The extraordinary reduction in human and vehicle movement, as well as decreased business and industrial activity during the lockdown have allowed The Environment Agency – Abu Dhabi, EAD, to gain fresh insight into how these factors affect wildlife in the Emirate.
The EAD found that wild animals and plant life have been thriving due to reduced human activity because of the Abu Dhabi government’s restrictions on movement.
In urban areas, a large number of mountain gazelles were spotted close to the golf course on Saadiyat Island. Reduced movement and a decrease in noise and light pollution have allowed the animals to roam freely with ease. Birds have also been returning to residential areas as a result of people being at home and feeding them.
Dr. Shaikha Salem Al Dhaheri, Secretary-General of the EAD said, “During this period, we have recorded improved air quality, with a significant decrease in nitrogen oxide levels in Abu Dhabi. The decreased pollution levels across the emirate is further supported by our recent biodiversity survey that reveals a healthy and thriving ecosystem. We have been observing and monitoring key indicator species such as turtles, dugongs and birds, in line with our Biodiversity Adaptation Plan.”
In Jebel Hafit, a female Arabian Tahr has been sighted at the base of the mountain for the first time. This species is typically present only at higher altitudes of the mountainous area. Three nests belonging to the diminutive owl species were also discovered at Jebel Hafit. Due to lower levels of noise pollution, and high levels of rain recorded this year, more plant growth and diversity have also been documented.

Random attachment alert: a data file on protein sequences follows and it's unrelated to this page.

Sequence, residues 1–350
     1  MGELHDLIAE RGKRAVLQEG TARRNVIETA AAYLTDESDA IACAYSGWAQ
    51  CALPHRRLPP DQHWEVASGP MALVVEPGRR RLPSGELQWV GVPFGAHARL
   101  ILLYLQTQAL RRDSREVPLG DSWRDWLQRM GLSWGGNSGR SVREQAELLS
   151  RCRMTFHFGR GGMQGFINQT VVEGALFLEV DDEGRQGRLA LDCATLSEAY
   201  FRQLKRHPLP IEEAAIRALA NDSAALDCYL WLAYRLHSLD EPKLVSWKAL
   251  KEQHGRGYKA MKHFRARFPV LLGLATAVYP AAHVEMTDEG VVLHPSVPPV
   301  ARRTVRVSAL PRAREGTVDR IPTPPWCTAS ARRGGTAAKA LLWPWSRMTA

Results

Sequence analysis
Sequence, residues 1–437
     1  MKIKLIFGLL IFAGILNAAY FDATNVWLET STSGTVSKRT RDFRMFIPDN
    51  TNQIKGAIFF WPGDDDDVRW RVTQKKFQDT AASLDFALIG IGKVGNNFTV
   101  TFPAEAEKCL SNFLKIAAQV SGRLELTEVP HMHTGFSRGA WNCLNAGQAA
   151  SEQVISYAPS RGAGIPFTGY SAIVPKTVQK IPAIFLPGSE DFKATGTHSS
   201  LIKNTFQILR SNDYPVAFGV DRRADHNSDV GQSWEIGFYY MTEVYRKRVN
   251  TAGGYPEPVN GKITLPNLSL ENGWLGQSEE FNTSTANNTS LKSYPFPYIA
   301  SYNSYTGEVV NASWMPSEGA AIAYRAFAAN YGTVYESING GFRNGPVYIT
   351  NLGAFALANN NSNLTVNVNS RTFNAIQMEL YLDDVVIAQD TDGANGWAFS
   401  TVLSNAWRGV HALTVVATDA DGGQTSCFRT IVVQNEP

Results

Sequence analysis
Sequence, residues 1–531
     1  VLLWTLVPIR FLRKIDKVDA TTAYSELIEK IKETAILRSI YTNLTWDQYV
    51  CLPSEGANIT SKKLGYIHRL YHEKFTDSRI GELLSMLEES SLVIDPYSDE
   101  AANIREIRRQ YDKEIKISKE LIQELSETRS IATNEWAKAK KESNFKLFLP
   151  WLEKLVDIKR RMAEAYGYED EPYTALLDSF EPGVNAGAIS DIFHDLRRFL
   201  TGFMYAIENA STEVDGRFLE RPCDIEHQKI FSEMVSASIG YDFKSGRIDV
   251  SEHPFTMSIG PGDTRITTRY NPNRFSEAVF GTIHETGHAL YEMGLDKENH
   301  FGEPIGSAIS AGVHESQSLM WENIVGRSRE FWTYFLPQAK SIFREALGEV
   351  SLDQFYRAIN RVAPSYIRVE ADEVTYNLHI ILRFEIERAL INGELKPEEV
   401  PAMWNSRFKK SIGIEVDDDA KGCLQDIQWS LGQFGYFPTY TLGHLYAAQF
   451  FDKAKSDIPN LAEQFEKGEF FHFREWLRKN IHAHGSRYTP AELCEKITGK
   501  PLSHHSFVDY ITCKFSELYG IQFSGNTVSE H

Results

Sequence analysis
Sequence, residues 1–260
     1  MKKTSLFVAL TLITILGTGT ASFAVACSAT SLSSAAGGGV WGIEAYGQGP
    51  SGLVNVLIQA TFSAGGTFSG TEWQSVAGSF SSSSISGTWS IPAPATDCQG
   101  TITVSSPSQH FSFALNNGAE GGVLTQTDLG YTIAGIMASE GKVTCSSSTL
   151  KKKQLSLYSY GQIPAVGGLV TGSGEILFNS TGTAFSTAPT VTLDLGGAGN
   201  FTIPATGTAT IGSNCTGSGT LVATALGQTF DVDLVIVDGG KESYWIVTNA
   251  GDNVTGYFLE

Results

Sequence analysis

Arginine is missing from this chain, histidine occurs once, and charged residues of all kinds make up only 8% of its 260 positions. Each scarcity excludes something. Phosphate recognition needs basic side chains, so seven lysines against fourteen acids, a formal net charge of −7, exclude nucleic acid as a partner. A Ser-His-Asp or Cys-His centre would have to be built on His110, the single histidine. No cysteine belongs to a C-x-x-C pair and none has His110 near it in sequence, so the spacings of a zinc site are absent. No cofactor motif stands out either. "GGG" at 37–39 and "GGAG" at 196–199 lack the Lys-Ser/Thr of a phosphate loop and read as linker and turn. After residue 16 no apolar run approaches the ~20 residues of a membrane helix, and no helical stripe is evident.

Meanwhile, sea turtle nesting activity has reportedly increased along the mainland coasts of Abu Dhabi, particularly in Ras Ghanada Protected Area and Al-Sila. Often, turtle nesting indicates a healthy environment and ecosystem.
Bird species populations have improved in the emirate, with increased reproduction of small birds such as the Kentish bird and black-winged stilts due to the absence of human activity in the Al Wathba Wetland Reserve. Similarly, the EAD reports a rise in the rate of breeding among flamingos of more than 12 per cent in comparison to last year. Whereas there were 1,050 nests in 2019, this figure has risen to 1,260. In addition, flamingos have also been sighted near passages and areas that they have previously avoided in the past.
Dr. Al Dhaheri added, “The several months of ‘Stay at Home’ measures have showcased the real and apparent impact of human and business activity on the environment. This has allowed us to rethink how we as a community interact with the environment and how we need to play our part to ensure these environmental gains are sustained and continue to grow as restrictions continue to ease.”